The best evil endings in PC games

Remember that time Luke Skywalker went bad in a Star Wars comic book?

Imagine the Star Wars movies ending with Luke falling to the dark side. The "bad" ending would never happen in the big budget movies, but someone has definitely written it. Imagining those "what ifs" is what fan fiction is for. Videogames, though, don't have to leave their alternate history storytelling up to the fans. They can embrace those doom-and-gloom endings with branching paths and multiple endings. If Return of the Jedi were a game, we could've absolutely had a semi-canon cutscene of the savior of the galaxy cutting down his father and kneeling at the feet of the Emperor.

That's more or less how BioWare's Knights of the Old Republic ended, and it was way better than your typical happy ending. Gaming has accumulated a number of astonishing, melancholy, and downright sadistic endings for those of us who choose to go dark. In this list we won't be talking about game endings that result from failure—like botching the suicide run in Mass Effect 2 and losing half your crew. Instead we'll be focusing on the finales that empower your most heinous instincts. The ones that make you feel like a supervillain. So come along with us, and let's watch the world burn.

Dishonored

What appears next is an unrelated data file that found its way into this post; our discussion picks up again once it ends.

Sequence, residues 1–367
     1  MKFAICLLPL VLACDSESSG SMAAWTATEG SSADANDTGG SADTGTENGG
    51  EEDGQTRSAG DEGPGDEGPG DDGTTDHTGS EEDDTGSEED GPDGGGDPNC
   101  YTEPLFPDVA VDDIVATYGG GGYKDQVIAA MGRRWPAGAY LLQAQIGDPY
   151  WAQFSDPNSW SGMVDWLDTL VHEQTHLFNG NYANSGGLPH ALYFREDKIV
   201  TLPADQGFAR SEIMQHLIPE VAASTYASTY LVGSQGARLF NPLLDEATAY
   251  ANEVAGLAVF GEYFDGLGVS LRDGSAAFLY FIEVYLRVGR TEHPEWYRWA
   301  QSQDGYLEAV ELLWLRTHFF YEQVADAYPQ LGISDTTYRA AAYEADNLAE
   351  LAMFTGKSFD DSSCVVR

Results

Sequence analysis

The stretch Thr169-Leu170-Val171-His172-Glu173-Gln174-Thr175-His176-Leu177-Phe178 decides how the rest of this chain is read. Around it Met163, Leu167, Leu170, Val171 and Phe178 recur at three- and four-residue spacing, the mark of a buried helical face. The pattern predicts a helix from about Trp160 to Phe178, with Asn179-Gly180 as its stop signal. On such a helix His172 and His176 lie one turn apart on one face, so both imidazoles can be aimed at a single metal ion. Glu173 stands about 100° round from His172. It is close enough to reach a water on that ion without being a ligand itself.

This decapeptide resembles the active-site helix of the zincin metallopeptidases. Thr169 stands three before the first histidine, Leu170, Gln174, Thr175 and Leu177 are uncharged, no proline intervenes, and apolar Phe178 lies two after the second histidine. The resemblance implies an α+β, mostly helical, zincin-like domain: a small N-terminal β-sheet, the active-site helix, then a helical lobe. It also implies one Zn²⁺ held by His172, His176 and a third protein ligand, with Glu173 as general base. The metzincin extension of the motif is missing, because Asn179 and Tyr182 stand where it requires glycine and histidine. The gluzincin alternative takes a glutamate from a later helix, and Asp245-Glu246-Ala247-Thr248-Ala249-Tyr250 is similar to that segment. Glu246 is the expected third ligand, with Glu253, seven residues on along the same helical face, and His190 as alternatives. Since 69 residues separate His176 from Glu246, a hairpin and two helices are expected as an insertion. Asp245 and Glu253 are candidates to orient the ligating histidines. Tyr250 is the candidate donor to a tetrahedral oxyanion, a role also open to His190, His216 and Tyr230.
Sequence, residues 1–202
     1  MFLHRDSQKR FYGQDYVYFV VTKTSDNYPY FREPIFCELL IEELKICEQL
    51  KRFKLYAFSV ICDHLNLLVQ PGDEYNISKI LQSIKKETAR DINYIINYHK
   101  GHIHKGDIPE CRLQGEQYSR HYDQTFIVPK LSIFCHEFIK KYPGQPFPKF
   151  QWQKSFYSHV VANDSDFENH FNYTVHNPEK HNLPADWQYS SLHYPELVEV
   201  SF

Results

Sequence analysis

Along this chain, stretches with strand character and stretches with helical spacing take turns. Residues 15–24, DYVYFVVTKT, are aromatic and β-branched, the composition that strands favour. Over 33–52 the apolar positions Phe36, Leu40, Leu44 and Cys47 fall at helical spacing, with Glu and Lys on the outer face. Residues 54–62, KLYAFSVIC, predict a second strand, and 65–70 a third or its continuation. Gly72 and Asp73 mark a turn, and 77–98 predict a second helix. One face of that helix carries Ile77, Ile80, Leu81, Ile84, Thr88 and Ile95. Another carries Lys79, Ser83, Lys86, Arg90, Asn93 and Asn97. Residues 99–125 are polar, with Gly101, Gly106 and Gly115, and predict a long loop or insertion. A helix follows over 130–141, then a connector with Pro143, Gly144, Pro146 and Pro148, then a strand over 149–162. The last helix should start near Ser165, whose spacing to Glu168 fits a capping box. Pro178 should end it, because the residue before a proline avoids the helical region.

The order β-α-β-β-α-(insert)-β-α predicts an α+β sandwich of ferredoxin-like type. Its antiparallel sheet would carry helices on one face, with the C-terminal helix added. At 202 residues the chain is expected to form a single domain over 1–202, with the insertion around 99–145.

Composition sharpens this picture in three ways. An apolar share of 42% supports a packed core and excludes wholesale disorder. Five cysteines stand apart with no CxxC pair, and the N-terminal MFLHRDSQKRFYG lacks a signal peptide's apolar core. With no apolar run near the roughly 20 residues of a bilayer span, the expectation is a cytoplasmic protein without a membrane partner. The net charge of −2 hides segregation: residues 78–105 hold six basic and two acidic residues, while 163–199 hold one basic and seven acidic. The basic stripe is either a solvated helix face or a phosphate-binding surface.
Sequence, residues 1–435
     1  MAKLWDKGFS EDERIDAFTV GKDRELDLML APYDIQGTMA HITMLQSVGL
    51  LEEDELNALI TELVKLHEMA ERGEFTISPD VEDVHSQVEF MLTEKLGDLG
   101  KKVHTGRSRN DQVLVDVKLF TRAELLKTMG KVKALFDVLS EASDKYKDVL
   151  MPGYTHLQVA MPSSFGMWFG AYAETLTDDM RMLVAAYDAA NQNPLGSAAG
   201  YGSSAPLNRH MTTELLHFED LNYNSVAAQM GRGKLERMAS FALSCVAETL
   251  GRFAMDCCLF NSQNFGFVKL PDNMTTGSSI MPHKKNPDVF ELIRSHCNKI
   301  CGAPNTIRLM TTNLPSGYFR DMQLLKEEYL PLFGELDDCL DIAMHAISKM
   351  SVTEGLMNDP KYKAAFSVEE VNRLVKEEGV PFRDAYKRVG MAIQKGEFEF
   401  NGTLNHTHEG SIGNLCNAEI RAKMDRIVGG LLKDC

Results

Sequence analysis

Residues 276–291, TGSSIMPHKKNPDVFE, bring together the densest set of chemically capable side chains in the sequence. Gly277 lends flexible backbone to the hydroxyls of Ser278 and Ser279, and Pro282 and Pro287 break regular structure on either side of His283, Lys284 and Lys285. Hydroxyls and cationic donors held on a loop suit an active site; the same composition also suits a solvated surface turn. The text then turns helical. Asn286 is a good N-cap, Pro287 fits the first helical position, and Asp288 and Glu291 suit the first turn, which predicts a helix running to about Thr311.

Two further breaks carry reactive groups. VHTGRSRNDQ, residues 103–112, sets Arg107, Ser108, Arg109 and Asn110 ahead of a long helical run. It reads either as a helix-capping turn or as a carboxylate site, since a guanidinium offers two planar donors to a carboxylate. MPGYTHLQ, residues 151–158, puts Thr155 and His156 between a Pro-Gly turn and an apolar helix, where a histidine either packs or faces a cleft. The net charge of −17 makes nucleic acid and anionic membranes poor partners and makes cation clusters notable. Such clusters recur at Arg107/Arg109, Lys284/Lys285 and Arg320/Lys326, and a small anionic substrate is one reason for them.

Dishonored is a game about vengeance. Corvo's legacy is tarnished by a cabal of greedy bloodsuckers, and you spend the entire game doing your best to re-establish the rightful ruling bloodline, and assassinate the cronies who got in your way. However, if bloodlust captures your instincts too much, and civilians are implicated in your operations, you might end with a cinematic detailing a city that has truly fallen to chaos. It's bittersweet, really: Screw the hegemony, but also let's skip town before things get truly anarchic. 

BioShock 2

Oh, BioShock 2, what a strange beast you are. The game falls into a category alongside Dark Souls 2 and Majora's Mask, where publishers instruct exhausted development studios to make a sequel using the same assets, and the same general formula, that made the original product such a classic. But looking back, we were perhaps too quick to judge 2K's greed. BioShock 2 was cool, weird, and responsible for launching the luminaries at Fullbright. Its evil ending, where your Little Sister sucks out the essence of yourself to conquer the world—fulfilling all the selfish lessons you taught her—seemed to serve as a final, mocking rejection of Rapture's false hopes in Randism. At the very least, it's a better ending than the first BioShock. 

Far Cry 3

This one's definitely not safe for work.

I think most of us expected Far Cry to die a silent, forgotten death. The first game was a technical marvel, way back in the Crytek years, but it was also saddled with one of the worst stories ever committed to a work of fiction. The idea that Ubisoft's Far Cry 3 resuscitated the  franchise with a truly batshit narrative, and one of the most compelling, immediately menacing villains in triple-A history, is almost more crazy now than it was then. Politically, Far Cry 3 hasn't aged particularly well, but man, that ending where you terminate the rest of your friends and get stabbed through the heart mid-coitus as part of an ancient ritual was audacious, to say the least.